Getting Healthy for Spring? Try Reading a Book

More than one in four adult Americans say they haven’t read even part of a book within the last year. That surprising number comes from the Pew Research Center and includes books in both print and digital form. 

So, what’s wrong with that? Plenty, according to research scientists at several major universities; their studies point to some key benefits of reading books, including open-mindedness, greater rates of success, and even a longer life.

“Apparently, the practice of reading books creates cognitive engagement that improves lots of things, including vocabulary, thinking skills, and concentration,” she explains. “It also can affect empathy, social perception, and emotional intelligence, the sum of which helps people stay on the planet longer,” writes Christina DesMarais in Inc.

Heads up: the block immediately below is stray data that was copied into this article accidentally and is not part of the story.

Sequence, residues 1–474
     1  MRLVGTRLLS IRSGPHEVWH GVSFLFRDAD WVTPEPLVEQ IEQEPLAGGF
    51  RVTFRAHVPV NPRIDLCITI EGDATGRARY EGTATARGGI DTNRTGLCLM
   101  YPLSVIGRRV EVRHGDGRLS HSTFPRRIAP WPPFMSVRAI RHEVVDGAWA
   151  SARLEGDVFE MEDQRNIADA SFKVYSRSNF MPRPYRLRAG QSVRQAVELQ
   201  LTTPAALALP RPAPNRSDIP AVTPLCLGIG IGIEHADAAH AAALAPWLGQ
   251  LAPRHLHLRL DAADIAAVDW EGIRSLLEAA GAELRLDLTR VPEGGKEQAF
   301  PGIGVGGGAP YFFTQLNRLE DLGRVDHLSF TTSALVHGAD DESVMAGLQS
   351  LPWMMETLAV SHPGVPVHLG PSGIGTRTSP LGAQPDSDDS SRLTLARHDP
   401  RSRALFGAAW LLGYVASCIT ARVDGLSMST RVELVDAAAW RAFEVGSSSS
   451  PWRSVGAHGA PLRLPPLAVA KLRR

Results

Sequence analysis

She’s referring to the finding from a Yale University Study that discovered people who read for at least 30 minutes a day live on average 23 months longer than non-readers.

You’re not doing yourself any favors if you’re in the 26 percent of American adults who haven’t read even part of a book within the past year.

We’ve cited previous studies on the proven health benefits of reading books, and especially books in print. Other studies show us that reading a book can actually make us more human.  And, of course, talk to any entrepreneur and they’ll likely tell you that reading books is a key to their success. 

“Titles that have repeatedly made their lists include: The Hard Thing About Hard Things by Ben Horowitz; Shoe Dog by Phil Knight; Good to Great by Jim Collins; and Losing My Virginity by Richard Branson,” DesMarais notes.

It’s important to remember that screen time, idly scrolling through social media, does not count. This kind of digital diversion is not the same as reading a book. Yet think of how often you look up from your phone and realize that 20, 30 or more minutes have gone by.

Maybe it’s time we all put down that phone a bit more and pick up a good book.